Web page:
As part of my ongoing home IT challenges I have set up a basement server running Ubuntu 10.04 LTS. My normal method of managing my servers is to do everything by ssh.
That’s geeky, but not much fun. So I looked for a free X server and came across Xming. It’s a not GPL’ed but is it freely available and the license is not burdensome.
Using XLaunch, I setup the parameters I want and saved that to a file. That .xlaunch file extension is registered to Xming so I just need to double-click the icon and it starts my desktop remotely using X windows.I’ve got the desktop in a neat 1280×1024 window using “-screen 0 1280 1024″ as an Xming command line argument.
The only problem I am having is that I am launching gnome-session and it’s not exiting cleanly at then of my session. Most likely that’s not quiet the right program to initiate an X session but for now it’s acceptable.
My Acer Aspire One netbook is good but the 8GB SSD drive that it shipped with is still the biggest drawback. When I want to view HQ or regular YouTube clip (forget about HD), the SSD gets accessed and performance takes a dive. Videos stutter and playback is horrible.
Tweak #3: Change the file system mount options on SSDs to “noatime”. On certain Linux distributions, such as Ubuntu, the default is “relatime”. This tells the kernel to write the Last Accessed Time attribute on files. Conversely, “noatime” tells the kernel not to write them, which considerably improves performance. Linus himself suggests using it in circumstances such as this, so therefore, I consider it to be gospel.
The second tweek is on the kernel line in /boot/grub/menu.lst, right after splash, insert the option “elevator=noop”. This will let you use the “noop” I/O scheduler. The SSD is not a hard disk and there is no platter to optimize.
These combined reduces the amount of writes to the SSD and I am now able to view this whole episode of Gundam 00 in HQ. Before these changes I could not have done this.
Sometimes I post things to be able to recall 6 months later what I did. This is one of those “I’d better write this down” articles.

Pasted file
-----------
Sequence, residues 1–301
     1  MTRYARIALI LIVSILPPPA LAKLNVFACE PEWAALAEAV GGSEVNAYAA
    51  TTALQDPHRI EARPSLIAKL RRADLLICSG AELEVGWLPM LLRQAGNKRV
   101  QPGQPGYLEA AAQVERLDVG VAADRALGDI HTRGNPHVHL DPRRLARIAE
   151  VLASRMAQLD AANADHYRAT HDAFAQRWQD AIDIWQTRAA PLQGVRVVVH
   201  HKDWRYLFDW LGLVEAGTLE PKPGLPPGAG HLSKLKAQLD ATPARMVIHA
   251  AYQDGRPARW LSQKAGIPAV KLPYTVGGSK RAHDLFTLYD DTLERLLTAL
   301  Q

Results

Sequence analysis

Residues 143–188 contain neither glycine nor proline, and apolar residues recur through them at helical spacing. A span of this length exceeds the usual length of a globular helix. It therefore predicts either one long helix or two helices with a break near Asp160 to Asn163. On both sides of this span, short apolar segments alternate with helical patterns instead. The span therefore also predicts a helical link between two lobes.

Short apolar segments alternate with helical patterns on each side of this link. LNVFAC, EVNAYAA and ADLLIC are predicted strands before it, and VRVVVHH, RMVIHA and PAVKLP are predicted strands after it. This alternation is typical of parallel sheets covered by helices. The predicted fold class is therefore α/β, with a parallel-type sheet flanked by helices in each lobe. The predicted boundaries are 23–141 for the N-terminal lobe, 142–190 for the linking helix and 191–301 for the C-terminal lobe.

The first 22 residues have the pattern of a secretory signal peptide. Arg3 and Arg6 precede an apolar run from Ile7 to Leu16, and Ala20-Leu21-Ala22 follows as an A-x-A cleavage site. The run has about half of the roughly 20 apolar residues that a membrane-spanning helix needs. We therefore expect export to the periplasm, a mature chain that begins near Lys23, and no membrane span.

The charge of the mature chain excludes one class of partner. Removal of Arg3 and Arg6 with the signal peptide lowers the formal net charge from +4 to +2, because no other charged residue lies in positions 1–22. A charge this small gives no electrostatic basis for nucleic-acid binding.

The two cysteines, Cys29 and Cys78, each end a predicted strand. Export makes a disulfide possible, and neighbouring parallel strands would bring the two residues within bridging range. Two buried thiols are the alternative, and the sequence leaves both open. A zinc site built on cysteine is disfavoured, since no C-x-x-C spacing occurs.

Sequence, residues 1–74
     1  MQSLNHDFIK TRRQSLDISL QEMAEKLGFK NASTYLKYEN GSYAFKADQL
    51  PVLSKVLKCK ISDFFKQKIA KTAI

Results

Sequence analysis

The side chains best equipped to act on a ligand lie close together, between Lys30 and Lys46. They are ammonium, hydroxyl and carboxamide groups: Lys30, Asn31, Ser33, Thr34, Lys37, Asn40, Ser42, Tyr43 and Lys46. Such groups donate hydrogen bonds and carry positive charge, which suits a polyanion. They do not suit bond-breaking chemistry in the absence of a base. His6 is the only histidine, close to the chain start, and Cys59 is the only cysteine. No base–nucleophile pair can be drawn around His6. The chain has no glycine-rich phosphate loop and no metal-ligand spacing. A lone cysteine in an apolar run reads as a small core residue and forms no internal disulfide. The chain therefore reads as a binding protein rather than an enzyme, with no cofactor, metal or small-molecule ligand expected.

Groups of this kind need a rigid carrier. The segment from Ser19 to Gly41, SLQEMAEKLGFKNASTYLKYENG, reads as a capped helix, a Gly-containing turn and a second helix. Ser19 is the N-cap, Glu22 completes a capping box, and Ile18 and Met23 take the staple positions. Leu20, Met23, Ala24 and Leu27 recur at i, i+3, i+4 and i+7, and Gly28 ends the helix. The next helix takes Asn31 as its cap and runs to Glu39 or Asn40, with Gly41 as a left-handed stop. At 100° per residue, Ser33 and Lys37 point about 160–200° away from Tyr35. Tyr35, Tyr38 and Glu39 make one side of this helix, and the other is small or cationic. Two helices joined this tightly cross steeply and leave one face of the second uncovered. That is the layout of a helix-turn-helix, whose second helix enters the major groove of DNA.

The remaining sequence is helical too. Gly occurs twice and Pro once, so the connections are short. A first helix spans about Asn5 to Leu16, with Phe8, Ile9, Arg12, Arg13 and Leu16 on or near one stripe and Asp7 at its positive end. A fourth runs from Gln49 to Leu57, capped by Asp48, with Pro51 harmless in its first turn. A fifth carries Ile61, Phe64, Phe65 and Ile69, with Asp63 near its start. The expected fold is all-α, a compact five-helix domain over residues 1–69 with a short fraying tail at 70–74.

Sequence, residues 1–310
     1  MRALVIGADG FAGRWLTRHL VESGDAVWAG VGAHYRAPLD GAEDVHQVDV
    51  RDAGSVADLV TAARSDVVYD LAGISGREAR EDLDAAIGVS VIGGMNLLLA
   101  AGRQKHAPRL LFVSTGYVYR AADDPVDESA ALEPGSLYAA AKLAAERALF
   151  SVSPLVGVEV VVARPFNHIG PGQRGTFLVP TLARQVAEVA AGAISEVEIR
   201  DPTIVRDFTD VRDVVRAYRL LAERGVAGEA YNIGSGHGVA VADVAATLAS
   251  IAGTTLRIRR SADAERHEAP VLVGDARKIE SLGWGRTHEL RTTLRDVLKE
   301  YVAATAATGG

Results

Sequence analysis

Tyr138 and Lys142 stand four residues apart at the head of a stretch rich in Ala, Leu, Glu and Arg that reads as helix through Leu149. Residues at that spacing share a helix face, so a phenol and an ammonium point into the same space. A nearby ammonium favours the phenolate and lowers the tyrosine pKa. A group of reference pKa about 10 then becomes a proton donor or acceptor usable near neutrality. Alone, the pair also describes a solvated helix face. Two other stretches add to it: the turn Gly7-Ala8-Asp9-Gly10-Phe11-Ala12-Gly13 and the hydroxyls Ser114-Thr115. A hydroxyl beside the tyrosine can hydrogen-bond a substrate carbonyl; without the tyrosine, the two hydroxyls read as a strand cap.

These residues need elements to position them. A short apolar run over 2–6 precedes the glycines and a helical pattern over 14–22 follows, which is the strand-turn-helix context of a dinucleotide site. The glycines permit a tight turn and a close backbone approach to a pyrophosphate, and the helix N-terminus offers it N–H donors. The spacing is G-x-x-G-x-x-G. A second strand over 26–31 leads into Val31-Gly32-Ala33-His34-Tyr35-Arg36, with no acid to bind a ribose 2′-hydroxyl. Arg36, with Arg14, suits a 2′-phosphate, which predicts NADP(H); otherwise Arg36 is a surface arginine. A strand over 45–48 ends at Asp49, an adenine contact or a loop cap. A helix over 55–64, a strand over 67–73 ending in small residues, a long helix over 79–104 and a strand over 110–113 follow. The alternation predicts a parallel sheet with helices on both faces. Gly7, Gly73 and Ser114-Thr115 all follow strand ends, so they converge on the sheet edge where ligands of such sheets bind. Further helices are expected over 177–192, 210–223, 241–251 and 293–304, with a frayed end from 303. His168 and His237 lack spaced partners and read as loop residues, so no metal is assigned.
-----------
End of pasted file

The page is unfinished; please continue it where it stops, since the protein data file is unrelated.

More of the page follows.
After a couple of iterations, my Acer Aspire One Netbook runs well on Ubuntu Netbook Remix 9.04. Here’s what I did.
I created one root 8 GB filesystem formatted in ext2 with no swap space. I don’t know why but using ext3 (a journaling filesystem) and/or swap meant poor performance. It’s probably due to the SSD not handling the read/writes well.
Following the advice from the Ubuntu AspireOne documentation page, I installed linux-backports-jaunty-modules and ran all the updates. Among other things this gets the wireless LED working. UNR 9.04 is still young yet so it’s not a lot of updates.
In my /boot/grub/menu.lst file I added “enable_mtrr_cleanup pciehp.pciehp_force=1″ to my defoption line and kernel line. The mtrr_cleanup is to allow the X server to take advantage of a performance boost and with the pciehp I can use both SD card readers without any problem.
After using lspci to get the correct values, I added this line to my /etc/rc.local
The mtrr part is for improving video performance, the pciehp portion is to get both SD card readers working.
With these settings, the netbook is working well with only a few caveats. Youtube is still jumpy and slow. But I got this netbook to play with Ubuntu, ssh to my servers, and view web pages so I’m satisfied.
The nice thing about my netbook is that I have no hesitation to wipe it clean and install a new OS on it. Which is what I did today after I downloaded Ubuntu Netbook Remix 9.04.
It was released today and the instructions for installing off of a USB stick were very clear. It’s a very slick package and for what I am doing with Firefox and Gnome Terminal it’s more than enough. The menu system is replaced with a compatible front end that lets you create a favorites page and launch apps from there. And unlike the recently talked about”floats like a lead baloon” Windows 7 Starter, I can easily run more than three apps at a time.
I’m writing this on my netbook and I still need to optimize the environment for speed. But so far so good.
Last week I created a VPS on Slicehost. I’ve been using Tektonic for a while now and have no complaints. The support is very good and I can backup my VPS for when I need to.
I’m using Slicehost because I don’t want both of my domain DNS servers on the same provider. They offer Ubuntu 8.04 LTS, runs on top of Xen, and provide console access via an Ajax web front end. You need to pay extra for a backup option. Aside from that one little point, using Slicehost is ridiculously easy and very manageable. They eat their own dog food and it shows.
On my Tektonic VPS it’s running on top of Virtuozzo. No console just ssh but I do get to make a backup of my VPS and re-installing is a breeze. My only complaint is that it’s running Ubuntu 6.06 LTS which is a little dated. For example the subversion client is 1.3.2 and I’d like to see more current versions such as 1.5.x. On Ubuntu 8.04 LTS I just added the backports repository and I get current versions of packages.
Switching to Ubuntu 8.04 LTS should be simple. As root I ran these commands:
This is a seamless process and aside from asking me some questions, I had no issues. The only issue I had is when I rebooted my VPS, it left the VPS un-bootable. The support tech that I chatted with had not seen that before. My VPS would not even start and I had to re-install it.
I’m now restoring the VPS to the backup I made yesterday, so it’s not all a total wash. Most likely I’ll work with Tektonic to get 8.04 LTS on that slice provided they offer it. Ubuntu 6.06 LTS is still supported so aside from consistency across servers, this is not a big deal for me.